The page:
February 19, 2014 / 4:16 PM / in 4 years

FTSE rally stalls, robust profits boost Sports Direct

* FTSE 100 down 0.1 percent
    * Index range-bound, capped around 6,800 -analysts
    * Sports Direct gains on strong Christmas profits
    * Morrison buoyed by buyout speculation

    By Tricia Wright
    LONDON, Feb 19 (Reuters) - Britain's top shares lost ground
on Wednesday as analysts bet the strong rally that followed a
slump in emerging markets has run out of steam, though Sports
Direct gained on robust profits.
    At 1551 GMT, the FTSE 100 was down 5.60 points, or
0.1 percent, at 6,790.83 points. It hit 6,810.48, its highest
since late January, earlier in the day. The weakness followed a
rally of around 6 percent since early February.
    Analysts reckoned on the index levelling off, around 1
percent shy of a peak hit in late January, before political and
economic concerns in emerging markets took their toll on
equities. It has been trapped in a range between around 6,400 to
6,800 since late October.
    "I don't think the traction is there to really push us back
to the highs that we saw earlier this year," CMC Markets senior
market analyst Michael Hewson said. "It's going to be very
difficult to break us out of that range." 
    Britain's biggest sporting goods retailer Sports Direct
 bucked the weaker trend, up 7.6 percent in brisk trade
after unveiling a 14.6 percent rise in profit in its Christmas
quarter and saying it was confident of hitting its full-year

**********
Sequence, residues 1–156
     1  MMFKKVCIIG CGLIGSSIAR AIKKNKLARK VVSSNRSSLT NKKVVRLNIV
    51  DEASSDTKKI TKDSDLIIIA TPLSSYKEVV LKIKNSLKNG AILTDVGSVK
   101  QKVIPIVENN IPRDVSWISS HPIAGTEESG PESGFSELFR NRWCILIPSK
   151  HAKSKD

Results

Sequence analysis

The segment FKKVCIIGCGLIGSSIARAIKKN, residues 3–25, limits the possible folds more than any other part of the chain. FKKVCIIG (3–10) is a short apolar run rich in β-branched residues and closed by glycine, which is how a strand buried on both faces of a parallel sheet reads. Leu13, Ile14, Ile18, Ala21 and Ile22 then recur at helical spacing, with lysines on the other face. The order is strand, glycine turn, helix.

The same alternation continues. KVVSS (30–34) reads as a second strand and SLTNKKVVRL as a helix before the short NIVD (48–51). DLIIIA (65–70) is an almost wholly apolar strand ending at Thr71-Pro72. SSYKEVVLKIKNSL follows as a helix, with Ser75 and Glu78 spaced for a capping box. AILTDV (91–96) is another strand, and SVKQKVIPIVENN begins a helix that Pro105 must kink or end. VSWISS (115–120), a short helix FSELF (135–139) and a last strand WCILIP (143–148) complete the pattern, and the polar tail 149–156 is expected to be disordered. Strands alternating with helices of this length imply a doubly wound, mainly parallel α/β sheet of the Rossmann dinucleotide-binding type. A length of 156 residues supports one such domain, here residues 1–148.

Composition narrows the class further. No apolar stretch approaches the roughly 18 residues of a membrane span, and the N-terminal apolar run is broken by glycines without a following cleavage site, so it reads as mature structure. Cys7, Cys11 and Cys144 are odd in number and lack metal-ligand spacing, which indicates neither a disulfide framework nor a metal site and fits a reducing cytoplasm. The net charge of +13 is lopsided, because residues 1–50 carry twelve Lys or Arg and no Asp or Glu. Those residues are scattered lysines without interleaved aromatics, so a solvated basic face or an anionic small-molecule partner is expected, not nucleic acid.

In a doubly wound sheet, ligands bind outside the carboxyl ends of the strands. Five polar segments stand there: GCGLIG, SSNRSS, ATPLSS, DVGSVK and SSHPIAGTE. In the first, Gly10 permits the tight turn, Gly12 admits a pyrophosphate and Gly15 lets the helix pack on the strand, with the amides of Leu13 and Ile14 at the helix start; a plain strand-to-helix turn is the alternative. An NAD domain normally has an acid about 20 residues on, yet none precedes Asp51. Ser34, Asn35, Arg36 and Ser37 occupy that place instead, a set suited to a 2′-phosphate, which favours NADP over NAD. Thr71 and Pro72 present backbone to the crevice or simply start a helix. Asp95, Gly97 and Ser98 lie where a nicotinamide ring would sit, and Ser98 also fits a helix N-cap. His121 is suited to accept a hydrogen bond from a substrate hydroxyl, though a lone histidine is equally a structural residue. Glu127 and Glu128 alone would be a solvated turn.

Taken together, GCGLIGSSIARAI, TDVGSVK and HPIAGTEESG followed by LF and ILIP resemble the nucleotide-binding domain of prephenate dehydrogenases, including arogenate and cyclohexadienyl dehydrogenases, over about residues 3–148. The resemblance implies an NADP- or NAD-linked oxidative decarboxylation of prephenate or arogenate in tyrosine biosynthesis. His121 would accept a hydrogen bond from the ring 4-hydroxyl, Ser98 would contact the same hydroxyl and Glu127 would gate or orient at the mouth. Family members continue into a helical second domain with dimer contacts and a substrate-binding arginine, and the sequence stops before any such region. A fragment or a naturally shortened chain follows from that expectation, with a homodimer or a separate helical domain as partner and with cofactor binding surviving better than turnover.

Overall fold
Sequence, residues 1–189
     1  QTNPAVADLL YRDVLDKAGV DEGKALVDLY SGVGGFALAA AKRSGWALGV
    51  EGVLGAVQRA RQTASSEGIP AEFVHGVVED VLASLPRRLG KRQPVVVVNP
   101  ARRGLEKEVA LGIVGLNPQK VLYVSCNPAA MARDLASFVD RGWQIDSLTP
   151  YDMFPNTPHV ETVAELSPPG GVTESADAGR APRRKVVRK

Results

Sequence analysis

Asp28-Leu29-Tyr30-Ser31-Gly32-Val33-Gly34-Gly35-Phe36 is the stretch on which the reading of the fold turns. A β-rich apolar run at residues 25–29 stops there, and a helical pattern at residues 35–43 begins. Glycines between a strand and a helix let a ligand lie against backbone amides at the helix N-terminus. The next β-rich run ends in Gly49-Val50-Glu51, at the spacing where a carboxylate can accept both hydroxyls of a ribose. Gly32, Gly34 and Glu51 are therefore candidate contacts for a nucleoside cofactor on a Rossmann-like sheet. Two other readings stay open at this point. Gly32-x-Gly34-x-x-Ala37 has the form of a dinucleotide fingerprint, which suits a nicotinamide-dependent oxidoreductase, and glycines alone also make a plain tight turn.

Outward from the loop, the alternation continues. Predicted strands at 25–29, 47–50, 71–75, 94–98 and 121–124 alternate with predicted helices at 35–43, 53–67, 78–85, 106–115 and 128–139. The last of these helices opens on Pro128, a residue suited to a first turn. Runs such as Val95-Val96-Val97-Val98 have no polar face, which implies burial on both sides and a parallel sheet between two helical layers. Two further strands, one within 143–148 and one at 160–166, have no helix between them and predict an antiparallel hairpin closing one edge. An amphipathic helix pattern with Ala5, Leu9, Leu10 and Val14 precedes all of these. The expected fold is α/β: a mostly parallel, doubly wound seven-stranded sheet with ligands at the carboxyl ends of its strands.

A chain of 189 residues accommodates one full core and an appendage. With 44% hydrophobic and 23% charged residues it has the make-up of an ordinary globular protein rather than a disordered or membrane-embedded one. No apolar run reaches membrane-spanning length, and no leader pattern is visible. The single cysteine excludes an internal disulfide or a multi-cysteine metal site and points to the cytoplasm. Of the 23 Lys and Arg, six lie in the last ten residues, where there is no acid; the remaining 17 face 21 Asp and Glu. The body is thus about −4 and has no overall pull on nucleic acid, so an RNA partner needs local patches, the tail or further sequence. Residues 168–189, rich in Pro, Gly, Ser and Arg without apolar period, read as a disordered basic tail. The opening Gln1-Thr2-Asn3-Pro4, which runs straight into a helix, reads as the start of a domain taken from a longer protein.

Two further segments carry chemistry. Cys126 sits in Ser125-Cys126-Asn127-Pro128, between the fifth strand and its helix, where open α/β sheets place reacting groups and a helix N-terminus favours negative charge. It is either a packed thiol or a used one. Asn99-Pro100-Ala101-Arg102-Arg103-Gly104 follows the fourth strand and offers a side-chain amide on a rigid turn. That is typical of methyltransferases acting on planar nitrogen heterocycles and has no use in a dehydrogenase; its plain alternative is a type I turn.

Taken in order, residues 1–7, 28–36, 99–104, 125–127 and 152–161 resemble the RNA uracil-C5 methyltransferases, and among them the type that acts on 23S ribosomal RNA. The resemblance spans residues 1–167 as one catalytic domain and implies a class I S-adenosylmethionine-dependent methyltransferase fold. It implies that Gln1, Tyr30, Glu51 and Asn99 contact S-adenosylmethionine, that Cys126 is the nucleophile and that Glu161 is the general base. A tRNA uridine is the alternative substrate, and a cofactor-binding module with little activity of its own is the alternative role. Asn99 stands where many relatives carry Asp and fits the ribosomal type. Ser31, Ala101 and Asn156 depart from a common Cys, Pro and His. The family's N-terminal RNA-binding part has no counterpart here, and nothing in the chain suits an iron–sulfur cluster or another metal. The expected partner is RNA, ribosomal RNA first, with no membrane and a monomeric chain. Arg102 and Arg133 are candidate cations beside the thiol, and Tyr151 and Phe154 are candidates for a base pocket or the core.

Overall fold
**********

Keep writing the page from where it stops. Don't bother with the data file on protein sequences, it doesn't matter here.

"We maintain our view that Sports Direct is well positioned
to drive long-term growth both in the UK and overseas," analysts
at Liberum wrote in a note, keeping their "buy" rating on the
    Trading volume in Sports Direct stood at 2-1/4 times its
90-day daily average, against the UK benchmark on three
    Supermarket chain Wm Morrison was another good
gainer, ahead 4.7 percent, supported by speculation the business
could be taken private.
    Bankers are working on debt financing packages of around 5
billion pounds ($8.4 billion) to back a potential sale of
Morrison to private equity funds, banking sources said.
    Morrison, which is 9.5 percent owned by the founding family,
has contacted buyout firms to gauge their interest in taking the
business private after a fall in Christmas sales, Bloomberg
reported last week. 
    Firms trading without the attraction of their latest
dividend knocked a hefty 14 points off the index - namely
AstraZeneca, Barclays, Carnival,
GlaxoSmithKline and Reckitt Benckiser.
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